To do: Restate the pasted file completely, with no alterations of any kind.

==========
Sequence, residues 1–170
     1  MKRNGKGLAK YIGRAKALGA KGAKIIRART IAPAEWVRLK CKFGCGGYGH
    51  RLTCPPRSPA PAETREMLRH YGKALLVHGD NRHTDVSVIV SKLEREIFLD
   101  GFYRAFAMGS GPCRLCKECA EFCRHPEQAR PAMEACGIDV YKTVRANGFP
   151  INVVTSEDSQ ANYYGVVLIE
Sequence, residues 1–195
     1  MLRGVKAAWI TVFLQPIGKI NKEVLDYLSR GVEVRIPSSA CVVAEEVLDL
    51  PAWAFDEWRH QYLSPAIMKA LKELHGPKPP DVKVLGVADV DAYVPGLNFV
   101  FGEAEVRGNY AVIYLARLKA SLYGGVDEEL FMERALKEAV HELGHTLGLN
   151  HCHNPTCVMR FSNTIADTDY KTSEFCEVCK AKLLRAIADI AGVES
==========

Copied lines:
Sequence, residues 1–170
     1  MKRNGKGLAK YIGRAKALGA KGAKIIRART IAPAEWVRLK CKFGCGGYGH
    51  RLTCPPRSPA PAETREMLRH YGKALLVHGD NRHTDVSVIV SKLEREIFLD
   101  GFYRAFAMGS GPCRLCKECA EFCRHPEQAR PAMEACGIDV YKTVRANGFP
   151  INVVTSEDSQ ANYYGVVLIE
Sequence, residues 1–195
     1  MLRGVKAAWI TVFLQPIGKI NKEVLDYLSR GVEVRIPSSA CVVAEEVLDL
    51  PAWAFDEWRH QYLSPAIMKA LKELHGPKPP DVKVLGVADV DAYVPGLNFV
   101  FGEAEVRGNY AVIYLARLKA SLYGGVDEEL FMERALKEAV HELGHTLGLN
   151  HCHNPTCVMR FSNTIADTDY KTSEFCEVCK AKLLRAIADI AGVES